It’s hard to know what to believe this early in the MLB season. Has Coco Crisp truly become a power hitter, or is that Ruthian slugging percentage an illusion? Are the Houston Astros and Miami Marlins this bad? What’s going on in Anaheim?
Here’s a guide to five emerging trends around MLB. Some are troubling, some are trivial and they are all subject to change. (For the record, Crisp’s power numbers are an illusion, the Astros and Marlins really are in trouble, and the Los Angeles Angels are better than this.)
Joey Votto, on-base machine
Baseball fans have grown accustomed to seeing Joey Votto atop the National League in on-base percentage. The Etobicoke, Ont. native led the league in OBP in 2010, 2011 and 2012. He’s doing it again this year, with an NL-best .530 OBP.
Votto is swinging at just 31% of the pitches he sees, the lowest rate of his career and the second-lowest rate among 187 qualified hitters. Why the increasingly selective approach? For starters, pitchers are challenging him with fewer first-pitch strikes than ever before, meaning lots of favourable counts and walks.
What to watch for: Votto’s on-base skills are reaching new heights.
Speedy workers in Toronto
R.A. Dickey and Mark Buehrle have struggled early in the 2013 season, but they rank first and second among all qualified starters in one category: pace of game. As noted by FanGraphs’ Jeff Sullivan, the Toronto Blue Jays starters need very little time between pitches relative to their counterparts around MLB.
While small sample size warnings apply often at this time of year, Buehrle has delivered 286 pitches and Dickey has made 304 pitches. That’s a fair amount of data -- enough to suggest that this duo will help Blue Jays fans erase memories of Steve Trachsel.
What to watch for: The Blue Jays have a pair of quick workers in Buehrle and Dickey.
Offensive struggles in Tampa Bay
The Tampa Bay Rays rank last or next-to-last in the American League in an assortment of offensive categories ranging from hits to home runs to batting average to on-base percentage to slugging percentage. Not surprisingly, they're last in the league in the most telling offensive category of all: runs scored.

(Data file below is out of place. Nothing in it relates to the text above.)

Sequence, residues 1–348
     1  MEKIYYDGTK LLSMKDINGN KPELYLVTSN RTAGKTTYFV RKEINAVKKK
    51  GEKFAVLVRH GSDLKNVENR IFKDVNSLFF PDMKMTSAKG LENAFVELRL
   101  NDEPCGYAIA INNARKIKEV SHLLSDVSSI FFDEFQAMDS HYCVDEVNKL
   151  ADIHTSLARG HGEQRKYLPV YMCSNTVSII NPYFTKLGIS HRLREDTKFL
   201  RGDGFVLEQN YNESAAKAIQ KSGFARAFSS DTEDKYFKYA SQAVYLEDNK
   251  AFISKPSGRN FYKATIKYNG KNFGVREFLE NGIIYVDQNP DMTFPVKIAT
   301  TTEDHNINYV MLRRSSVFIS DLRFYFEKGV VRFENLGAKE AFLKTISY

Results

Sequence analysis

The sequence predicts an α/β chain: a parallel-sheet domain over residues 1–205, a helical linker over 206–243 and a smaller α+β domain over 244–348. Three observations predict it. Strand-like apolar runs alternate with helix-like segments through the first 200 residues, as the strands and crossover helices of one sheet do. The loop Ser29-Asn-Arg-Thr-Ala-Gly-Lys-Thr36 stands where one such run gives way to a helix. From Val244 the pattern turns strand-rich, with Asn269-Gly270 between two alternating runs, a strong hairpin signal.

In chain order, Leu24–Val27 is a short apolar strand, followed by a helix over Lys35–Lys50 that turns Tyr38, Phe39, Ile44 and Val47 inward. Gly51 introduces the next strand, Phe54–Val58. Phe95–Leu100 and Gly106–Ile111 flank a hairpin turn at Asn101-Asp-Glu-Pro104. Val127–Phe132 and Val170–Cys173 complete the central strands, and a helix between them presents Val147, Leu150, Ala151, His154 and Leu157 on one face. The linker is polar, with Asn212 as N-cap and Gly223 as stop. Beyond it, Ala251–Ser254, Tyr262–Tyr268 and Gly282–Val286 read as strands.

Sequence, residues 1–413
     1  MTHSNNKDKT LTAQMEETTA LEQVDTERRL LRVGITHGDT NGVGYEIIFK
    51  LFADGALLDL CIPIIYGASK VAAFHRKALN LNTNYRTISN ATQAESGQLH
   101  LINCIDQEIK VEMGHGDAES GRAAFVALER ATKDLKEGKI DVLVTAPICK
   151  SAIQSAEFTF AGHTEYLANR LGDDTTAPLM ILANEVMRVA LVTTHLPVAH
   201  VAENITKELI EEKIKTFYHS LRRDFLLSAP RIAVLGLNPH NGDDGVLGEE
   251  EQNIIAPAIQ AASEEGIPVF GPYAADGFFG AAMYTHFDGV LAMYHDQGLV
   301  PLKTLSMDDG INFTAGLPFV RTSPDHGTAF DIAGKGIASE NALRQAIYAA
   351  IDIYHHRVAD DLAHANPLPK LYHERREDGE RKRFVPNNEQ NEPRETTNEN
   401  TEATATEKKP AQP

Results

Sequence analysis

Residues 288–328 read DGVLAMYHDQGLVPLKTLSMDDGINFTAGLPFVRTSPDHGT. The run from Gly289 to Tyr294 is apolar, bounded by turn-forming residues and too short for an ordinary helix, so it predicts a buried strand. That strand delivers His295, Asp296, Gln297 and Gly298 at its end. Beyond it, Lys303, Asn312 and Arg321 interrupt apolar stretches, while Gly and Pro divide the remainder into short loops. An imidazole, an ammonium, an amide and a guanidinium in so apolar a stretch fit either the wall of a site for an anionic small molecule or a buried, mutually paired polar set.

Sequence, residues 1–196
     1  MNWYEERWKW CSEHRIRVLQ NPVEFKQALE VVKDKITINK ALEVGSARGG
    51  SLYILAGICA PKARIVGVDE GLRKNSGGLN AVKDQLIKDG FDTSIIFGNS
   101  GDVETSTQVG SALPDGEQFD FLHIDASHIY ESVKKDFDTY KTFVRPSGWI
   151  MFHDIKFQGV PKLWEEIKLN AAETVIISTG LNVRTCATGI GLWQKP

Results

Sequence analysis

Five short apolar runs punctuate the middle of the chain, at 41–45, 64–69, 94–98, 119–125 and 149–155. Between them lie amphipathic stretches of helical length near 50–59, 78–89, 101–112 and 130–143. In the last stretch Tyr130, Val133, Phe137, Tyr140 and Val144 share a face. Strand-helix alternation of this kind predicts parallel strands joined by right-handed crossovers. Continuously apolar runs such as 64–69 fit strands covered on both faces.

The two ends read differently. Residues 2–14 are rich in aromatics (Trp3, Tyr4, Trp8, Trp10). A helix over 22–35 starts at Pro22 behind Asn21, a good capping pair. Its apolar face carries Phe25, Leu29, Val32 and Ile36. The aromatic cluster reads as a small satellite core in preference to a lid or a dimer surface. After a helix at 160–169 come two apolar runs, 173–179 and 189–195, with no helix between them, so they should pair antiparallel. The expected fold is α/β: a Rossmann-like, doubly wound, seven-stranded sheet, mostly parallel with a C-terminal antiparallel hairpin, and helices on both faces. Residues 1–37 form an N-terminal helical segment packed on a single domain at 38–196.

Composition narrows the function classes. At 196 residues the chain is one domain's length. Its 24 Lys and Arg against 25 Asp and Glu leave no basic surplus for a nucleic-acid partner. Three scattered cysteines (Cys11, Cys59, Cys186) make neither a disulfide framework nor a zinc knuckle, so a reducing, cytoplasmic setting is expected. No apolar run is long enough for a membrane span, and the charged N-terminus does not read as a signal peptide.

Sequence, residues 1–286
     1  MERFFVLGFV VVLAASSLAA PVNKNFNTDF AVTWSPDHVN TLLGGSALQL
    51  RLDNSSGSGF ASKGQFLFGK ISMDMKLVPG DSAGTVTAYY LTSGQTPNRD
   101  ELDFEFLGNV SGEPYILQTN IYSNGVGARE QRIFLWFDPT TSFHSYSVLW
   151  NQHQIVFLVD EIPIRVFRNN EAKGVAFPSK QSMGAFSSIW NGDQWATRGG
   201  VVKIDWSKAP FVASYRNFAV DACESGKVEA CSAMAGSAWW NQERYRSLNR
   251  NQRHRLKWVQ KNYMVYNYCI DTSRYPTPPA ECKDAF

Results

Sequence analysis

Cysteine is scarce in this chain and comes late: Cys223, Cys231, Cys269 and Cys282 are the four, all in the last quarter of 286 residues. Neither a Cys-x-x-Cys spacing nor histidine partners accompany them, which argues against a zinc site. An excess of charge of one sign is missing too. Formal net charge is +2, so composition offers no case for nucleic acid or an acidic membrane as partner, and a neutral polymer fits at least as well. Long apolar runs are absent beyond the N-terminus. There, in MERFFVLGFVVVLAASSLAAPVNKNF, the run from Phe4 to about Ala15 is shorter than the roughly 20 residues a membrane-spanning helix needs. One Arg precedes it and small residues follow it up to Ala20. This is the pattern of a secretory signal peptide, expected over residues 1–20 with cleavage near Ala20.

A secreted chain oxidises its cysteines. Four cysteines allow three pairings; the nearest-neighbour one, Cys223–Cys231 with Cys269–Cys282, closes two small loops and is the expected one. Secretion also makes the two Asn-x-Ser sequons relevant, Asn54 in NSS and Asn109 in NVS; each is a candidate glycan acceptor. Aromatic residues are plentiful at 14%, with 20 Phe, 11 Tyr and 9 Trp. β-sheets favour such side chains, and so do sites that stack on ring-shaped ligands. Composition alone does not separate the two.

The Rays can expect more from players such as Yunel Escobar, Matt Joyce and James Loney, so it’s not as though they will score three runs per game all year. Even so, don't expect much offence from this team, especially while top outfield prospect Wil Myers remains in the minor leagues. Like previous editions of the Rays, the 2013 team will rely on run prevention to win.
What to watch for: The Rays aren’t this bad, but their offence will likely be a weak point again in 2013.
The NL West leaders
Unlike the Rays, the Colorado Rockies are built around offence. And unlike the Rays, the Rockies probably aren’t ready to contend in 2013.
For the Rockies to win, their offence has to make up for their below-average pitching and their hitter-friendly ballpark. So far, so good. They’re 10-4 thanks to a lineup that has scored more runs than any National League team, and hit more home runs than everyone but the Atlanta Braves.
Yet this is the team that allowed an MLB-worst 5.5 runs per game in 2012 then made only modest offseason additions to the roster. The pitching staff remains an issue.
The Rockies have allowed more runs than all but eight teams, and unless players like Jhoulys Chacin (1.96 ERA) can maintain this level of production, those numbers might get worse before they get better.
What to watch for: The Rockies aren’t the best team in the NL West and they won’t be until their pitching improves.
Impact bat Chris Johnson
Justin Upton isn’t the only member of the Braves who’s hitting well early on. Chris Johnson, acquired along with Upton in a trade with the Arizona Diamondbacks last off-season, has filled in admirably for injured first baseman Freddie Freeman, posting a .978 OPS for the 12-1 Braves.
Might he and Upton form a powerful middle-of-the-order duo with their new team? Don’t count on it, as Johnson has enjoyed some non-sustainable luck, with 16 base hits on 32 balls in play. Johnson has eight strikeouts and just one walk, another indication that he is the same hitter as before. This year he’s simply getting more breaks than usual.
What to watch for: Chris Johnson isn’t a substantially different player than he was in 2012.